Looking for [ x ] tutorial!

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#1 Jia Jem on 8 years ago

This is a thread where you can request links to other tutorials. Please keep all requests in this thread and do not make a new thread asking for a specific tutorial.

Otherwise, this forum will be nothing more than another general help forum. We want this forum to be a useful knowledge base, not a request page. Thanks for understanding. :)

#2 ByeByeBeautiful on 8 years ago

I would love a tutorial on where to place strobes during a shoot. I seem to have a lot of trouble finding a comfortable distance and not nuking my subjects. A basic distance formula, that's really all I want!

I've looked on strobist.com, but so far no dice.

Thanks!

#3 FiveRings on 8 years ago

[QUOTE=ByeByeBeautiful;3579585]I would love a tutorial on where to place strobes during a shoot. I seem to have a lot of trouble finding a comfortable distance and not nuking my subjects. A basic distance formula, that's really all I want!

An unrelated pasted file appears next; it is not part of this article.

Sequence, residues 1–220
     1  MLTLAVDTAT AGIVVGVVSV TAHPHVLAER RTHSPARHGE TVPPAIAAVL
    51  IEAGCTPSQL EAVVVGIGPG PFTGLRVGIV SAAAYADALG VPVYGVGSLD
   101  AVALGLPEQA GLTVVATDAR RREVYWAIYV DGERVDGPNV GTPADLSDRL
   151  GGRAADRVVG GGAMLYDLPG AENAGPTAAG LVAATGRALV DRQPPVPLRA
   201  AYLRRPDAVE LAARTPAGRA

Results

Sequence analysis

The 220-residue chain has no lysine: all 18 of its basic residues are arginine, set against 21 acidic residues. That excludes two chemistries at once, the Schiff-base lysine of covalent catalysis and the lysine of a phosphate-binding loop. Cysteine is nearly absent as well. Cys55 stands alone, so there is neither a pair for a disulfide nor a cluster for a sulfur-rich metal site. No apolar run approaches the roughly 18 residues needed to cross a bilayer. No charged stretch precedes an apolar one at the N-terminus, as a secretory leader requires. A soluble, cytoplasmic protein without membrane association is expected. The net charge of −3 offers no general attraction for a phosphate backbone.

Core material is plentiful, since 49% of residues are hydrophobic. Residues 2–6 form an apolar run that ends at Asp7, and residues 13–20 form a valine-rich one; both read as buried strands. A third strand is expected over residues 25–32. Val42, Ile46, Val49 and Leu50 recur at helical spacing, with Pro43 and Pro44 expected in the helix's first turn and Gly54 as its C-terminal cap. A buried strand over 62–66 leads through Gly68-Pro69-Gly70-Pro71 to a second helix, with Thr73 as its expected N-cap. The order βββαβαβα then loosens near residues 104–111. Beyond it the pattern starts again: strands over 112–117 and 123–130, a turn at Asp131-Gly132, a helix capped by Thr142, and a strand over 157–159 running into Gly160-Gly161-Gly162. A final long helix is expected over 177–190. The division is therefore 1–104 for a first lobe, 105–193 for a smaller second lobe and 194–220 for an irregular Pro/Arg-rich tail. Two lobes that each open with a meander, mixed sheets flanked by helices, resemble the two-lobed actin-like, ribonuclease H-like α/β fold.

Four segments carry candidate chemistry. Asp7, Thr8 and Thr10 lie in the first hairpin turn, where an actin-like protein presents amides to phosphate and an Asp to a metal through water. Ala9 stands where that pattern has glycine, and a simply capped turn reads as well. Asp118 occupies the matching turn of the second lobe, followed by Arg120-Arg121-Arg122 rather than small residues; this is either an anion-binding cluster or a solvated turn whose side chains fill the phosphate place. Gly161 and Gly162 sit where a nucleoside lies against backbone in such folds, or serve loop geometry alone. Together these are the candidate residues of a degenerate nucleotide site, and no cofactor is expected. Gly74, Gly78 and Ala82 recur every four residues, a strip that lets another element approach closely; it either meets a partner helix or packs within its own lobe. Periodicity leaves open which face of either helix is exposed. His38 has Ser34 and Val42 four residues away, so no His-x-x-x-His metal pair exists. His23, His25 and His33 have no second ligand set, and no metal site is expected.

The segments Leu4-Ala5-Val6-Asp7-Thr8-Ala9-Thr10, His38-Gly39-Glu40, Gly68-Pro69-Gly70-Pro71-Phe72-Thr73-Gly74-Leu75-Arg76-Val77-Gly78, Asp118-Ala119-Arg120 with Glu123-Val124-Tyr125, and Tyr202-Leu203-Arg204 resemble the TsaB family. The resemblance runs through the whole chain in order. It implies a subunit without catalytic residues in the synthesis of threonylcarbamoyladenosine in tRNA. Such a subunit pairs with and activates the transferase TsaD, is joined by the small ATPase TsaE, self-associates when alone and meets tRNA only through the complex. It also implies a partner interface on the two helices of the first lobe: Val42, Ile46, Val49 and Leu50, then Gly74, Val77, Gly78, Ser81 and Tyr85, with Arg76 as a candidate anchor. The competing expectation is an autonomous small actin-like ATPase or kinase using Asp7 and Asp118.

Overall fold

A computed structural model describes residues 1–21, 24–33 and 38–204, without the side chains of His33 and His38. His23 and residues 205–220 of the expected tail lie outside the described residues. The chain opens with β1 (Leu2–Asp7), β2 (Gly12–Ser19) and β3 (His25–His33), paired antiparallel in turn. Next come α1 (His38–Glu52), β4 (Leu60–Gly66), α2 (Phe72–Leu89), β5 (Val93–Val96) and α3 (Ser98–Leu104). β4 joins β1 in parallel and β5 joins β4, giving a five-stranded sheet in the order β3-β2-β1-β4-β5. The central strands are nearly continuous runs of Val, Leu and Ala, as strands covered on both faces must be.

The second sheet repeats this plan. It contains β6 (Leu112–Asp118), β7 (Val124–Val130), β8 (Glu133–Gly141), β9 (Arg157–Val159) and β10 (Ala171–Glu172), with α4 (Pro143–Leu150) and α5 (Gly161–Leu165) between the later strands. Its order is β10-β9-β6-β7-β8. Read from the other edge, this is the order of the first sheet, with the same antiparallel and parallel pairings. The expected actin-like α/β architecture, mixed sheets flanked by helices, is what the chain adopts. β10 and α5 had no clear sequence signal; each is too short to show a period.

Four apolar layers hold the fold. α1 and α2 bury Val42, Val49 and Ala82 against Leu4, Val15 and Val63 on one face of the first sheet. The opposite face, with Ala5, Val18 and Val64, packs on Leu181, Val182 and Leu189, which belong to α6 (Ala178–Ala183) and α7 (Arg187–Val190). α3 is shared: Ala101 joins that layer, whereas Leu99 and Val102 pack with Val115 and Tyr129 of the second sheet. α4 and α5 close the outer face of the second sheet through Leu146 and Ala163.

I've looked on strobist.com, but so far no dice.

Thanks![/QUOTE]
Have you tried searching for lighting diagrams? If you can't find anything relevant, we could start a lighting diagram thread where you pick a photo from someone's collection and we could either dissect the lighting or the photographer could explain their setup.

#4 ByeByeBeautiful on 8 years ago

I have found some lighting diagrams on Flickr. The idea of a diagram thread intrigues me!

#5 KiraCosplayHai on 8 years ago

okay, you have just had a wonderful cosplay photoshoot, you love the shoots, and you wanna edit them, add effects,blur stuff, etc. only to open up photoshop, and you dont know how to use it.(fail, i know.) so anybody got any tips, or a tutorial on how they use photoshop to edit thier pictures? i have seen great photos use it to add efects and stuff, and there amazing!
any help would be aprciated :)

#6 ShiNo_Usagi on 8 years ago

I only use PS for manipulating an image (which I don't do too often) Light Room is what I recommend using, it's by Adobe as well and pretty easy to figure out =)
If you want crazy effects though, yeah, You'll want to use PS.

#7 brucer007 on 8 years ago

What type of things would you like to do with your images? We might be more helpful if you had a process you wanted to understand better. There are artistic effects for creative looks and styles and aesthetic effects to correct aspects that did not come out in-camera the way you wished.

#8 Ashurachan on 8 years ago

If you're a beginner, I'd suggest getting Lightroom first, it's a great tool for organizing photos, developing raws, and exporting your work.